Steven Naismith sets the challenge for Hearts players with a warning after a dramatic Viaplay Cup win at Kilmarnock
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Steven Naismith implored the Hearts players to get used to the club’s demands following a dramatic 2-1 Viaplay Cup quarter-final win at Kilmarnock. Alex Lowry’s winner in stoppage-time decided the tie after Brad Lyons’ header cancelled out Jorge Grant’s opening goal at a sodden Rugby Park.
Hearts now head to Hampden in the semi-finals having arrived in East Ayrshire with only one win from their previous six matches. An improved performance offered hope that this result can change their recent fortunes. “It feels good, we’re delighted to get through, it was the next step we needed to take,” said Naismith, the Tynecastle head coach. “At this club there’s a demand to get to semi-finals and finals and ultimately win silverware.
“I’m happier with the performance than the result, I thought we were really good. We were the better team in the first-half, scored a really good goal. Then they scored a good goal and we can go one of two ways – we either go flat and safe and it becomes hard or we continue to play the way we want to play.
“When Kilmarnock scored the momentum changed but we stemmed that flow and had a few attacks ourselves. Our season has either been really entertaining or flat performances and it’s now about getting that on a more consistent basis.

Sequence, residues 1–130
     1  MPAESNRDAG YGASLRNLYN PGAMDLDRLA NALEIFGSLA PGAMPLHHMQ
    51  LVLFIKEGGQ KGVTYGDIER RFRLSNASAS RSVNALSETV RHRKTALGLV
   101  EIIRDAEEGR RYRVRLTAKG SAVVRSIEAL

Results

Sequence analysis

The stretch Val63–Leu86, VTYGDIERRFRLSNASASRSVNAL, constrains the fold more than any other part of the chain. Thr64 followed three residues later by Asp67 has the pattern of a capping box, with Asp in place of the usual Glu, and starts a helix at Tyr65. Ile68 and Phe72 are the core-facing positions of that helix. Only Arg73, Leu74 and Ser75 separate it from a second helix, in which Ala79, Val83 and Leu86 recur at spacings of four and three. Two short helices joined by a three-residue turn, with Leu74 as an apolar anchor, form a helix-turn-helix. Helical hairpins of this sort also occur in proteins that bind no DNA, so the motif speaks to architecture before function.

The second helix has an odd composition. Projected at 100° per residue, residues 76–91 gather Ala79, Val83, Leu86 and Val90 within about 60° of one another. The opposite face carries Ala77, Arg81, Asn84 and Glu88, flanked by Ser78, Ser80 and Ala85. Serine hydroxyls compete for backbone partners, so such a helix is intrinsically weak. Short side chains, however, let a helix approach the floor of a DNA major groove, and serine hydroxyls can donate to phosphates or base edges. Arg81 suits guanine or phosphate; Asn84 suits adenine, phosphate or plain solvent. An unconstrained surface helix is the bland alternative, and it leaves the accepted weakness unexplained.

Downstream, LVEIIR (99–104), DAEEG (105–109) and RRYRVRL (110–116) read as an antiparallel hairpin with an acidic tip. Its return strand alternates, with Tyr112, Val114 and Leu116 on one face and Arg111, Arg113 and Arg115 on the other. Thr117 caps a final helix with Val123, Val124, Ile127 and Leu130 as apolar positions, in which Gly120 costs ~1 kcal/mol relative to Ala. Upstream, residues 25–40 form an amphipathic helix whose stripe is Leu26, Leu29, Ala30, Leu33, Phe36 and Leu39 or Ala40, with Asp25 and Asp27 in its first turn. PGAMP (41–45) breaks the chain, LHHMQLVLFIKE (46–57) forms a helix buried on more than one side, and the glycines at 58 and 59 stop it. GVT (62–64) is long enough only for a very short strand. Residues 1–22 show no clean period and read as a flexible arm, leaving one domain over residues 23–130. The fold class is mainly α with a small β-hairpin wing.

It’s a big win and everybody’s delighted but we do need to back that up. Over the past few seasons, we haven’t had good performances at Kilmarnock and Ross County has been the same.”
Naismith doubled down on the need to build a consistent run and warned that players who can’t handle expectation will not stay at Tynecastle. “Since I’ve been taking the team there have been moments when we’ve been entertaining but it’s about bringing that consistency,” he reiterated. “Calum Nieuwenhof came in during the summer and has taken time to settle but I thought he was the best player on the park.
“Odel Offiah is another one who put in a great ball at the winner. There’s a demand on the players at the club – I as a player grew to enjoy that challenge and understand it. You either accept it or use it to your advantage or you won’t make it at the club.
“It’s a mental challenge, 100 per cent. When you're expected to go to every game and have on a performance and win, that naturally brings pressure. As a player, you either do it or don't. I believe that we have got success in this group.”
Derek McInnes, the Kilmarnock manager, admitted being upset at the manner of his team’s late collapse. “I was angry that we allowed that type of goal to decide a cup tie,” he said. “Hearts deserved to go in front and half-time came at a good time for us as I thought we were going out of the cup with a whimper.
“Then we took charge and had Hearts where we wanted them. Hearts have quality off the bench but we were guilty in the last minute of leaving ourselves open to the counter-attack. We didn't need to try and win the game in 90 minutes and we were guilty of naivety and bad decision-making.”